Neal Stephenson

Neal Stephenson

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Neal Town Stephenson is an American writer known for his works of speculative fiction
Speculative fiction
Speculative fiction is an umbrella term encompassing the more fantastical fiction genres, specifically science fiction, fantasy, horror, supernatural fiction, superhero fiction, utopian and dystopian fiction, apocalyptic and post-apocalyptic fiction, and alternate history in literature as well as...

.

Difficult to categorize, his novels have been variously referred to as science fiction, historical fiction, cyberpunk
Cyberpunk
Cyberpunk is a postmodern and science fiction genre noted for its focus on "high tech and low life." The name is a portmanteau of cybernetics and punk, and was originally coined by Bruce Bethke as the title of his short story "Cyberpunk," published in 1983...

, and postcyberpunk. Other labels such as 'baroque' often appear.

Stephenson explores areas such as mathematics
Mathematics
Mathematics is the study of quantity, space, structure, and change. Mathematicians seek out patterns and formulate new conjectures. Mathematicians resolve the truth or falsity of conjectures by mathematical proofs, which are arguments sufficient to convince other mathematicians of their validity...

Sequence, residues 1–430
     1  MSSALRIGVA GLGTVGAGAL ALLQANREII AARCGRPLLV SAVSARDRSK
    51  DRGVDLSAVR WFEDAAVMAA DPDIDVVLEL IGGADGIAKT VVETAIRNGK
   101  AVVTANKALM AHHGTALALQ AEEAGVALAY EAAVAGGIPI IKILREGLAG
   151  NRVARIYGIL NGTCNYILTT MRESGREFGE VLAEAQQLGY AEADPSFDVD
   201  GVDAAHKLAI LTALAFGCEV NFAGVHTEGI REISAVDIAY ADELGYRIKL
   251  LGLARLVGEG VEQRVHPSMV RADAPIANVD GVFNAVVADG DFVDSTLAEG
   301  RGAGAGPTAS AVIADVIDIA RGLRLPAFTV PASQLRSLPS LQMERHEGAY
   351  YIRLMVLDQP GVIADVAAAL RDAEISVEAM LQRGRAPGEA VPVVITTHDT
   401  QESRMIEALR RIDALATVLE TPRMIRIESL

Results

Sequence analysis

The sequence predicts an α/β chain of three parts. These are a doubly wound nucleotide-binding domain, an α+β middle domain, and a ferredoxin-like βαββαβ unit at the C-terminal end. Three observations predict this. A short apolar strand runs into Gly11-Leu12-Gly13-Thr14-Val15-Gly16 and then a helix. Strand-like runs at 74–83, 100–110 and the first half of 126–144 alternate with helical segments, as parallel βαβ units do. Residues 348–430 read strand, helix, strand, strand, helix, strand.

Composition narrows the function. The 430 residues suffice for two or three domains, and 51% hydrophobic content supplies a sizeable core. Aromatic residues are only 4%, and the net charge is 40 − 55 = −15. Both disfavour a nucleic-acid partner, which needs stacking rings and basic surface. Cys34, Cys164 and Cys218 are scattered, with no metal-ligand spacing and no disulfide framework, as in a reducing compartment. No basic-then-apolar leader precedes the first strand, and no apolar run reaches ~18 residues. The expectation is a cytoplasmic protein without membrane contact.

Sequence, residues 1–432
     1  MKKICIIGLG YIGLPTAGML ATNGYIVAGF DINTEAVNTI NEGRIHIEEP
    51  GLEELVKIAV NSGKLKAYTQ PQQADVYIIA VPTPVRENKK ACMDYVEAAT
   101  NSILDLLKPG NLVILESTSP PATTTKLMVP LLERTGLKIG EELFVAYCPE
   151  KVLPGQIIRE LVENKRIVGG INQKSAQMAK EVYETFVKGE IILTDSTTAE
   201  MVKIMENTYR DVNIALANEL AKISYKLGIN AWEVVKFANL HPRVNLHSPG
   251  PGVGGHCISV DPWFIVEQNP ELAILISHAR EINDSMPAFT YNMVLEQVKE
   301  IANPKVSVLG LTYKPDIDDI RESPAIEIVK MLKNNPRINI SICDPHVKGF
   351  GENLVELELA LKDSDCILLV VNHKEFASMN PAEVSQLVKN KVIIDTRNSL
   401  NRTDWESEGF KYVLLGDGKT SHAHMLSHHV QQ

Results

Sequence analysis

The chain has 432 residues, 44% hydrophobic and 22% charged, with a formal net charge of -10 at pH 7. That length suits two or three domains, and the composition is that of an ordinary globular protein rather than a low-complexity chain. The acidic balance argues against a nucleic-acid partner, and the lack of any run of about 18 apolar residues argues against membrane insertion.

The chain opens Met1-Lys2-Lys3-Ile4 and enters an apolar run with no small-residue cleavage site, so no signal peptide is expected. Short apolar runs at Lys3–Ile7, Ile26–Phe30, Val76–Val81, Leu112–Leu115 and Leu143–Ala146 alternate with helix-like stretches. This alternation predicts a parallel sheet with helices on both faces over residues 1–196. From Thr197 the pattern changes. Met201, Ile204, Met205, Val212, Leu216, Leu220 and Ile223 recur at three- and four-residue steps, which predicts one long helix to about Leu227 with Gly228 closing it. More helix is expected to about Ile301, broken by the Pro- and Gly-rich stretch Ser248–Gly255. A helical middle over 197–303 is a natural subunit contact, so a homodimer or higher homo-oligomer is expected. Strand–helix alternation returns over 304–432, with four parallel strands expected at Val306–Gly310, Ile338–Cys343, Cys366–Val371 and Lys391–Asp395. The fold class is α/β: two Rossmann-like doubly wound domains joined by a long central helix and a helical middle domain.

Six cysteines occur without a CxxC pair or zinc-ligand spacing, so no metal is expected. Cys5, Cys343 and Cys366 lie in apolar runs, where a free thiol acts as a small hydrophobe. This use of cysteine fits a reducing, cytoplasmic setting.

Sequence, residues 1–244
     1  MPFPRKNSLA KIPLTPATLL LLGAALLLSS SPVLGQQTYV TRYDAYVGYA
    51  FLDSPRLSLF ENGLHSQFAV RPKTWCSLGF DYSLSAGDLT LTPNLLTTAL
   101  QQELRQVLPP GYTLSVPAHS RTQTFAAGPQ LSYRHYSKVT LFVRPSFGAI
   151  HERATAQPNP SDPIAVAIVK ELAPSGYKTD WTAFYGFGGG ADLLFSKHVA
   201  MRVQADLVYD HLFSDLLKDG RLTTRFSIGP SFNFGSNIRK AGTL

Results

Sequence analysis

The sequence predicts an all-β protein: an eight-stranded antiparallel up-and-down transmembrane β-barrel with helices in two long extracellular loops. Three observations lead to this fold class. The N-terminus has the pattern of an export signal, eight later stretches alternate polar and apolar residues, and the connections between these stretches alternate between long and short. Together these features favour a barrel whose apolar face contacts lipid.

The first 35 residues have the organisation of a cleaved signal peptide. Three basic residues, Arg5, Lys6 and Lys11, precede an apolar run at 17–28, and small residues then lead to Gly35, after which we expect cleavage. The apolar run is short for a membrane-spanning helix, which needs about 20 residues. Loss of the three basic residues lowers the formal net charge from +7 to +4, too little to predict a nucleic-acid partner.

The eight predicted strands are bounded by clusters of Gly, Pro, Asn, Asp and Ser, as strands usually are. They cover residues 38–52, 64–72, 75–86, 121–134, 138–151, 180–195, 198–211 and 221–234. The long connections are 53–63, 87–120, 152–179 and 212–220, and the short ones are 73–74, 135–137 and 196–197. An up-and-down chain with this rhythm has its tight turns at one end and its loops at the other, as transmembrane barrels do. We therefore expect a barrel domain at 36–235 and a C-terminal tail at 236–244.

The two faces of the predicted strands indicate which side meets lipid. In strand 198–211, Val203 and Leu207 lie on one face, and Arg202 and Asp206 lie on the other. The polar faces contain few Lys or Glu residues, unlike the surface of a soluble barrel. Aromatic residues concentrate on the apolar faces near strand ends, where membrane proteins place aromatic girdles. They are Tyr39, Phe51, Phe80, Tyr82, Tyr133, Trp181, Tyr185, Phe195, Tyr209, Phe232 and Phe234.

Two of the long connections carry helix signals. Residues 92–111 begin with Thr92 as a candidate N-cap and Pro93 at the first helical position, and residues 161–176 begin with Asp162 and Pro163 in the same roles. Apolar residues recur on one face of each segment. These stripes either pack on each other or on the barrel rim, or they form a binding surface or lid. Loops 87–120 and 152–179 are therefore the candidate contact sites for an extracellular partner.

, cryptography
Cryptography
Cryptography is the practice and study of techniques for secure communication in the presence of third parties...

, philosophy
Philosophy
Philosophy is the study of general and fundamental problems, such as those connected with existence, knowledge, values, reason, mind, and language. Philosophy is distinguished from other ways of addressing such problems by its critical, generally systematic approach and its reliance on rational...

, currency
Currency
In economics, currency refers to a generally accepted medium of exchange. These are usually the coins and banknotes of a particular government, which comprise the physical aspects of a nation's money supply...

, and the history of science
History of science
The history of science is the study of the historical development of human understandings of the natural world and the domains of the social sciences....

. He also writes non-fiction articles about technology in publications such as Wired
Wired (magazine)
Wired is a full-color monthly American magazine and on-line periodical, published since January 1993, that reports on how new and developing technology affects culture, the economy, and politics...

.

He has worked part-time as an advisor for Blue Origin
Blue Origin
Blue Origin is a privately funded aerospace company set up by Amazon.com founder Jeff Bezos. The company was awarded $3.7 million in funding in 2009 by NASA via a Space Act Agreement under the Commercial Crew Development program for development of concepts and technologies to support future human...